Format

Send to:

Choose Destination
See comment in PubMed Commons below
J Bacteriol. 2003 Feb;185(4):1147-52.

Branching of Escherichia coli cells arises from multiple sites of inert peptidoglycan.

Author information

  • 1Centro de Biología Molecular "Severo Ochoa," Consejo Superior de Investigaciones Científicas, Universidad Autónoma de Madrid, Campus de Cantoblanco, 28049 Madrid, Spain. madepedro@cbm.uam.es

Abstract

Some strains of Escherichia coli defective for dacA, the gene coding for penicillin-binding protein 5, exhibit a strong branching phenotype when cell division is blocked. Since such branch formation implies a differentiation of polar caps at ectopic locations in the cell envelope, we analyzed murein segregation and observed a strong correlation between areas of inert murein and these morphological anomalies. In particular, the tips of branches exhibited the same properties as those described for polar caps of wild-type cells, i.e., the synthesis and turnover of murein were inhibited. Also, the mobility of cell envelope proteins was apparently constrained in areas with morphological defects. Polar regions of branching cells and sacculi had aberrant morphologies with a very high frequency. Of special interest was that areas of inert murein at polar caps were often split by areas of active synthesis, a situation unlike that observed in wild-type cells. These observations suggest that in dacA mutants, branches and other morphological anomalies may arise from split polar caps or by de novo generation of new poles built around inert peptidoglycan patches in the side walls of the cell.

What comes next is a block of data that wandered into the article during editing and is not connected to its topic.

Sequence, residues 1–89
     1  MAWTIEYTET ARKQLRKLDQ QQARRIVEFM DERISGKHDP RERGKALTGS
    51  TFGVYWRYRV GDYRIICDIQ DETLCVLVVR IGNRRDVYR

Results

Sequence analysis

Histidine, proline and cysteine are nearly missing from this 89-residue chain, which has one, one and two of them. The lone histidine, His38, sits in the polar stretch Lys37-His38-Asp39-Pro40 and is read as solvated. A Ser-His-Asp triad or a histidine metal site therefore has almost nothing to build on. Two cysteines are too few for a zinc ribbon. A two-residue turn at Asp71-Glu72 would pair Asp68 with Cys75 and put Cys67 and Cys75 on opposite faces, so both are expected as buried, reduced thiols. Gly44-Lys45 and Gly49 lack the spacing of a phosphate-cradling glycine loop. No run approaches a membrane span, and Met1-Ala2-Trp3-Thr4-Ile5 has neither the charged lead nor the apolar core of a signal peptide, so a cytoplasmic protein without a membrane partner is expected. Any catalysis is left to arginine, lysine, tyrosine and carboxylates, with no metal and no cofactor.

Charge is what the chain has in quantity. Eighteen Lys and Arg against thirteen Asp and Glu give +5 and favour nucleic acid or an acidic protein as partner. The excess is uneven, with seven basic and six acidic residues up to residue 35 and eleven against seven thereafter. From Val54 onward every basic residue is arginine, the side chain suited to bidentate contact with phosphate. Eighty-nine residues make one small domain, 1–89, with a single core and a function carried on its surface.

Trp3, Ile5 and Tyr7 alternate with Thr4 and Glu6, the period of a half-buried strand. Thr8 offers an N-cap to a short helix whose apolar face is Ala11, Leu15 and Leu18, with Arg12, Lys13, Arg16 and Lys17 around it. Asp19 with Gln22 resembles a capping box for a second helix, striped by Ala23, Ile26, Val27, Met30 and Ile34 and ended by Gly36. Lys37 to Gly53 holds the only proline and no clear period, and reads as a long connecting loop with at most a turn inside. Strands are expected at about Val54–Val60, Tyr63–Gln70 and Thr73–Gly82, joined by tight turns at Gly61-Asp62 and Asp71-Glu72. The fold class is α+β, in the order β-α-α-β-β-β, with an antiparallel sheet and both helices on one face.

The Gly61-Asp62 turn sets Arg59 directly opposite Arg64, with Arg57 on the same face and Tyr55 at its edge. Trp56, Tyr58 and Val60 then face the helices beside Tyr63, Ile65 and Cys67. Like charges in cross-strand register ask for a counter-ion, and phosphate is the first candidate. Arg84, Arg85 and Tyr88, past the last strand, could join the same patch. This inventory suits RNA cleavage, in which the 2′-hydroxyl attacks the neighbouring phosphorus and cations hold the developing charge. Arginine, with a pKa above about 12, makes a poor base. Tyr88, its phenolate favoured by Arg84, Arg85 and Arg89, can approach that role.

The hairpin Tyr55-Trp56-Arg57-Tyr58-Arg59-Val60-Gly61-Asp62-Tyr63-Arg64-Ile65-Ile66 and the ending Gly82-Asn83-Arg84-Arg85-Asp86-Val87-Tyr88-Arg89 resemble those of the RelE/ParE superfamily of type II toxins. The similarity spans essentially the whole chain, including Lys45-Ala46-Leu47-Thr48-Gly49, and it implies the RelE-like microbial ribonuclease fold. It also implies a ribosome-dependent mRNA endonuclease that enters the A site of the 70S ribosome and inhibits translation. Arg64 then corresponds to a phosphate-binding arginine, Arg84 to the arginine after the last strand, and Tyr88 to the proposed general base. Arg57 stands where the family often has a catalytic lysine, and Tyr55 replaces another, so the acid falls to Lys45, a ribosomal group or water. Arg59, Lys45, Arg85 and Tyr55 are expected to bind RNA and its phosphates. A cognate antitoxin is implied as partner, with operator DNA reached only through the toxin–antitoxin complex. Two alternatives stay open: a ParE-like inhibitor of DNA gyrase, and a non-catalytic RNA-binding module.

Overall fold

PMID:
12562782
[PubMed - indexed for MEDLINE]
PMCID:
PMC142844
Free PMC Article
PubMed Commons home

PubMed Commons

0 comments
How to join PubMed Commons

    Supplemental Content

    Full text links

    Icon for HighWire Icon for PubMed Central
    Loading ...
    Write to the Help Desk